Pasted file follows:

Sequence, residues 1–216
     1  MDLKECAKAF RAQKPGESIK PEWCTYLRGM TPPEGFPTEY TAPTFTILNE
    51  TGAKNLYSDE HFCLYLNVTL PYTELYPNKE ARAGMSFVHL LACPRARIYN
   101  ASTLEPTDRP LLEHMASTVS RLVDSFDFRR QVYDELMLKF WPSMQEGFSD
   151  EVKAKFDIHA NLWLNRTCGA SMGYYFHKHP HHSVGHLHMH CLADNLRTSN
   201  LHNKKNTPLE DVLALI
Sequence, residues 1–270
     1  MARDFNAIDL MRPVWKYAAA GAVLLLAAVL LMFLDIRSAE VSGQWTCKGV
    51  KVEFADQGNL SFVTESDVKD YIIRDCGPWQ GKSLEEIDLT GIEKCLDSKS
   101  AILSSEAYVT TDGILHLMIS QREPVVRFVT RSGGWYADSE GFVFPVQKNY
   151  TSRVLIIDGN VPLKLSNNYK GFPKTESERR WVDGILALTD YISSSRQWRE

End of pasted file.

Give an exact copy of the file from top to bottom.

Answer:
Sequence, residues 1–216
     1  MDLKECAKAF RAQKPGESIK PEWCTYLRGM TPPEGFPTEY TAPTFTILNE
    51  TGAKNLYSDE HFCLYLNVTL PYTELYPNKE ARAGMSFVHL LACPRARIYN
   101  ASTLEPTDRP LLEHMASTVS RLVDSFDFRR QVYDELMLKF WPSMQEGFSD
   151  EVKAKFDIHA NLWLNRTCGA SMGYYFHKHP HHSVGHLHMH CLADNLRTSN
   201  LHNKKNTPLE DVLALI
Sequence, residues 1–270
     1  MARDFNAIDL MRPVWKYAAA GAVLLLAAVL LMFLDIRSAE VSGQWTCKGV
    51  KVEFADQGNL SFVTESDVKD YIIRDCGPWQ GKSLEEIDLT GIEKCLDSKS
   101  AILSSEAYVT TDGILHLMIS QREPVVRFVT RSGGWYADSE GFVFPVQKNY
   151  TSRVLIIDGN VPLKLSNNYK GFPKTESERR WVDGILALTD YISSSRQWRE